Pentecost 4

Tonight at 11:31pm, it will officially be summer.  That doesn’t mean that summer hasn’t already been officially declared by other means, of course.  My friend Scott, a firefighter buddy of mine from Monmouth Beach, always said that summer officially begins when the first New York or North Jersey person – Bennies, as we called them – when they first park illegally on a side street to walk to the beach.  The Preston and Steve Show on MMR always “officially” kicks off summer on the Friday before Memorial Day with an early morning party called Eggs with Peg at Keenan’s in North Wildwood; that’s where the Shoobies certainly congregated.  In Bordentown, at least amongst the first responders, we say that summer doesn’t officially begin until there’s a water rescue down at the beach, and since we had our first one on Tuesday night, it’s officially summer in Bordentown! (everyone was okay)

As you surely know, the confluence of the Delaware River and Crosswicks and Blacks Creeks makes for fast times at the Bordentown Beach.  Boaters utilizing smaller engines can find themselves revving out and somehow going backwards, and God help, for real, anyone out there in a bad storm or anyone who falls into the water.

It all reminds me of today’s Gospel reading, of course.  “On that day, when evening had come, (Jesus) said to them, “Let us go across to the other side.””  That day was the same day that Jesus had taught the multitudes on the shores of the Sea of Galilee, when He taught them in parables like the parable of the Mustard Seed that we heard last week.  The “other side” that Jesus was referring to was in an area called the region of the Gerasenes, and that’s where Jesus cast out the demons in the pigs, and then the pigs all ran off the cliff into the sea.

So it takes about two hours to cross the Sea of Galilee from where Jesus and the disciples were to the region of the Garasenes, but Jesus was understandably tired from teaching all day.  While He was asleep, a brutal squall kicked up, as they so often did, and everyone on the boat was terrified, except for the napping Lord.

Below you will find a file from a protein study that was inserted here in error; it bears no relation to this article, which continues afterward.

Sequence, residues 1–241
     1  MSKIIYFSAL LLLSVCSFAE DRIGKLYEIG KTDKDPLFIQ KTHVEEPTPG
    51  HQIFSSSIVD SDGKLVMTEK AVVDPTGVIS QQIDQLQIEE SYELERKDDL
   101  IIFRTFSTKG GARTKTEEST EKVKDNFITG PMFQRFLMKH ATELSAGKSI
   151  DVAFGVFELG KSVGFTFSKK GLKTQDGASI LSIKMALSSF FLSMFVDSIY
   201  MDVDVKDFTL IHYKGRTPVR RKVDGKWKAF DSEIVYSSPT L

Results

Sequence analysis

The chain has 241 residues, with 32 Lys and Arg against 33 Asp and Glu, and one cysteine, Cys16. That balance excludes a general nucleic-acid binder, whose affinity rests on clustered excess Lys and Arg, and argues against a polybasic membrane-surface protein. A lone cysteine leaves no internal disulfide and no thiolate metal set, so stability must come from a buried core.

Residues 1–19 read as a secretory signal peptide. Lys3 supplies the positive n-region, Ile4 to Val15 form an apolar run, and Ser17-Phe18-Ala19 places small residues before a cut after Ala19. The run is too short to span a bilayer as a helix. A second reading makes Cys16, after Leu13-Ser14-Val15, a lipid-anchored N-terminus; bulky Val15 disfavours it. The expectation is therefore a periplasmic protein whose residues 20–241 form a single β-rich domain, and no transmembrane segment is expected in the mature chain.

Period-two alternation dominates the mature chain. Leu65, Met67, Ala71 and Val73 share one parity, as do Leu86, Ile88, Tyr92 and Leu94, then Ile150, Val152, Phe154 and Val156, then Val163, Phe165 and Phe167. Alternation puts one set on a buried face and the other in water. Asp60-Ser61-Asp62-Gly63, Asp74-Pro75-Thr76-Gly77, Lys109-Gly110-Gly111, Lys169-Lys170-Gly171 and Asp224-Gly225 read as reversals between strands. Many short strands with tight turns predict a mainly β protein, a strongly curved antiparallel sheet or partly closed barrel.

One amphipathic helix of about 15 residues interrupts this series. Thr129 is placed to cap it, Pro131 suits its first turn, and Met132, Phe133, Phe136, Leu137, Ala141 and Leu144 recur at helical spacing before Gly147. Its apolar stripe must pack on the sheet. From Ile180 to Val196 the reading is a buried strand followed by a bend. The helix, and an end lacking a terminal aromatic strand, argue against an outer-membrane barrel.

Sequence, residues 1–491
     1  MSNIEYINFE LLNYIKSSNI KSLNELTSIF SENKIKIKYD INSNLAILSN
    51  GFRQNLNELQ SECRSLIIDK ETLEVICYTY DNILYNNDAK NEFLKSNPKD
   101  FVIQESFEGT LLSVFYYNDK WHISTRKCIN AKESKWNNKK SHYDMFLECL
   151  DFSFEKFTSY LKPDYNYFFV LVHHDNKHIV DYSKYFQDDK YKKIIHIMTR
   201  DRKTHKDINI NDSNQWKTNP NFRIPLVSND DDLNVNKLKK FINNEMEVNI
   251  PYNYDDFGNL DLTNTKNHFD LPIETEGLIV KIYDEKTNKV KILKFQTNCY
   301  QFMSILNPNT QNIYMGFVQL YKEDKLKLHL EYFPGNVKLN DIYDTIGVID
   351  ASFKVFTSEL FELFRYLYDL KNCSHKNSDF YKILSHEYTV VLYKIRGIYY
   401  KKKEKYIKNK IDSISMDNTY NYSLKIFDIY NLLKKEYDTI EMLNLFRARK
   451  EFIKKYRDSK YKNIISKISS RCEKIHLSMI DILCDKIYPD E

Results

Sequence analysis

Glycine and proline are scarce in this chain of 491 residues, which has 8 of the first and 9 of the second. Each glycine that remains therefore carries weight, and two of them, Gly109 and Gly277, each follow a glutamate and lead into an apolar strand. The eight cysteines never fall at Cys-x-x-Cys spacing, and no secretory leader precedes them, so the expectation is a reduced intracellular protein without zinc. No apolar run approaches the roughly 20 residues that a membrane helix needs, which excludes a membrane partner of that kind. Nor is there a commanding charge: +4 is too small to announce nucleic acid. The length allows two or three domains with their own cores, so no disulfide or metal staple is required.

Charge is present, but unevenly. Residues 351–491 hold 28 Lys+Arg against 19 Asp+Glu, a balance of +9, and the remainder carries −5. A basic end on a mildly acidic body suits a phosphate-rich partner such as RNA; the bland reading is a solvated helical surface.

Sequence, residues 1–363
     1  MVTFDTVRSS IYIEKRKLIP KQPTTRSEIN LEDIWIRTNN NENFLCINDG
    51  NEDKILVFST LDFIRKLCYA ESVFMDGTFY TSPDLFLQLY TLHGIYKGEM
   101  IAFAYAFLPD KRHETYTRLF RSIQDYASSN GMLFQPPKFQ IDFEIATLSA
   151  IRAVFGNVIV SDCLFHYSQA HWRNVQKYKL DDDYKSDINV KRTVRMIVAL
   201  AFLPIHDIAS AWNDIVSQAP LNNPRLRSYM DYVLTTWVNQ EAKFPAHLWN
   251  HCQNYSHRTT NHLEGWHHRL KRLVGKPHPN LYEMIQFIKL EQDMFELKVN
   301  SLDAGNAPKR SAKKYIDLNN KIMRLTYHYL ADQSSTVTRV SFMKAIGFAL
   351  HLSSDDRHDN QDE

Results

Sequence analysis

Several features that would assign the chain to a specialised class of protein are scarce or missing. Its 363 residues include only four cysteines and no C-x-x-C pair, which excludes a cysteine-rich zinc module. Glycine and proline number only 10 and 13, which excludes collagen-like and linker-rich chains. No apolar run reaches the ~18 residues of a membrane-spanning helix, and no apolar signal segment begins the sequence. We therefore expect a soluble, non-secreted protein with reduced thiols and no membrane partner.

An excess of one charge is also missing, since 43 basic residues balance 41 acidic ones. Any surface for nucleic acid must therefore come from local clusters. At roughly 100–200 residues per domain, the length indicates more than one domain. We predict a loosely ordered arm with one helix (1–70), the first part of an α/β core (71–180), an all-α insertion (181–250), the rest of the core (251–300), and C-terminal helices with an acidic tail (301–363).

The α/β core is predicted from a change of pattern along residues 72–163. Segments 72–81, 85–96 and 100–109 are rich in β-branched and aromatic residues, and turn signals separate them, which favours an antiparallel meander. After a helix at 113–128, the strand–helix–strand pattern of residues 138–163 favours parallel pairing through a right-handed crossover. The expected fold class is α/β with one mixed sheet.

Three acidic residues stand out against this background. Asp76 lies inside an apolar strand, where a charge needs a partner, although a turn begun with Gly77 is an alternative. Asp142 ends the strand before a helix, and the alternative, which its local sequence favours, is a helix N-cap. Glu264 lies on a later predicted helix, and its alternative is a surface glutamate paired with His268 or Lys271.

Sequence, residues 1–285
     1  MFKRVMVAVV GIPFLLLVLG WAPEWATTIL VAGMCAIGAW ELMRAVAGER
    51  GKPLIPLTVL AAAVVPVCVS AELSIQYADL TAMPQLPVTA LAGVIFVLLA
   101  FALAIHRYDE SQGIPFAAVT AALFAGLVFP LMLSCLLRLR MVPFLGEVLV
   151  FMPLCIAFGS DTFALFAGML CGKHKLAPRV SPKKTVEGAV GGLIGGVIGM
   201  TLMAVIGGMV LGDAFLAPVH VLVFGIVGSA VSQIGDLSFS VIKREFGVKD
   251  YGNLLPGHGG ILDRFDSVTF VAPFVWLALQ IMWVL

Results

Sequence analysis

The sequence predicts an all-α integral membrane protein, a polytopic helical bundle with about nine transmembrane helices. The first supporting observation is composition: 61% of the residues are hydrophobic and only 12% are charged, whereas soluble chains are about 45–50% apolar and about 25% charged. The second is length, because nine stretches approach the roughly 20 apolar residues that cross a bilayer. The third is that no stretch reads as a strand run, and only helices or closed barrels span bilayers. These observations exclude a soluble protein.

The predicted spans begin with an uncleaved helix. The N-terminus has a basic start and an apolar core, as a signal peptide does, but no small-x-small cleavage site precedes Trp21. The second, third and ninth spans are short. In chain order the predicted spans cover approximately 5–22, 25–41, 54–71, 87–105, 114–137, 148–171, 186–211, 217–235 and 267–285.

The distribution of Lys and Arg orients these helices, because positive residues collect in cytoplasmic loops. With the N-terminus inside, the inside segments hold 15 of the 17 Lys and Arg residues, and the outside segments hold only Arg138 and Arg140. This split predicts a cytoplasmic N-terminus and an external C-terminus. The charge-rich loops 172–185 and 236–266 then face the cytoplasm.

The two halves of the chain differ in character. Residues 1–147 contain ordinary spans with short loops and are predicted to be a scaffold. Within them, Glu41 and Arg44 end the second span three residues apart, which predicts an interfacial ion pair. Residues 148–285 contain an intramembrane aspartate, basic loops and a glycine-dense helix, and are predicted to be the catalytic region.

Now, first-century Israelites, on a whole, did not much like the sea.  And if you have ever been on the water when it starts to get dark and the wind kicks up and you’re in a boat like the disciples had, you would learn not to like the sea much either.  Because at least some of the disciples were fisherman, most famously Peter, James, and John, we can expect the boat they were in that night to be typical of the fishing boats used at the time: 27-ish feet long, 7 to 8 feet wide, 4ish feet tall.  Some of these boats had up to 4 rowing stations and a single sail, and while perfectly it’s a perfectly seaworthy size and design, it’s not a particularly large boat. 

And still, some of the disciples were practiced sailors, and so this storm must have been something if it got them worried.  They woke up Jesus when they started to take on water, and what does Jesus say to them?  Nothing.  He speaks to the wind and to the sea: “he awoke and rebuked the wind, and said to the sea, “Peace!  Be still!””

Holy moly.  “Who then is this, that even wind and sea obey him?”  Well, He through whom all things were made; He who has just a different relationship with the created world than we do.  He who walks on the stormy sea as if on a freshly mown field; He who naps in a hurricane.

The disciples were beginning to understand that they were in a boat with the Son of the Living God, and so it’s not wrong to wonder if, at that point, they were more afraid of Him than they were of the boat sinking in a storm. 

“Why are you afraid?” Jesus asked them.  “Have you no faith?”  I’m guessing that the rest of the trip was a bit awkward.  But still, those questions hung in the air both for the disciples and now for us: Why are we afraid?  Have we no faith?